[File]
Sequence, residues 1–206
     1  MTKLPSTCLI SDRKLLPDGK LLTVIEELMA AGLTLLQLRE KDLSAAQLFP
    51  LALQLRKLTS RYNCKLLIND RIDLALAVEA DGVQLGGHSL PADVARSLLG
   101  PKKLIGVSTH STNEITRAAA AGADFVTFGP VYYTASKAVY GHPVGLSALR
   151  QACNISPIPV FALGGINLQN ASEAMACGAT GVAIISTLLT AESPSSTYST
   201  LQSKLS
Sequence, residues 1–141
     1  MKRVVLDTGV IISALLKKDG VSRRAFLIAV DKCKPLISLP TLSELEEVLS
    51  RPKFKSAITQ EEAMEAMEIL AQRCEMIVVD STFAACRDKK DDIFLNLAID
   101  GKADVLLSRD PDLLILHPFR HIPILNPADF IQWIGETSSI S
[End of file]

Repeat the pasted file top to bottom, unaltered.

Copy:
Sequence, residues 1–206
     1  MTKLPSTCLI SDRKLLPDGK LLTVIEELMA AGLTLLQLRE KDLSAAQLFP
    51  LALQLRKLTS RYNCKLLIND RIDLALAVEA DGVQLGGHSL PADVARSLLG
   101  PKKLIGVSTH STNEITRAAA AGADFVTFGP VYYTASKAVY GHPVGLSALR
   151  QACNISPIPV FALGGINLQN ASEAMACGAT GVAIISTLLT AESPSSTYST
   201  LQSKLS
Sequence, residues 1–141
     1  MKRVVLDTGV IISALLKKDG VSRRAFLIAV DKCKPLISLP TLSELEEVLS
    51  RPKFKSAITQ EEAMEAMEIL AQRCEMIVVD STFAACRDKK DDIFLNLAID
   101  GKADVLLSRD PDLLILHPFR HIPILNPADF IQWIGETSSI S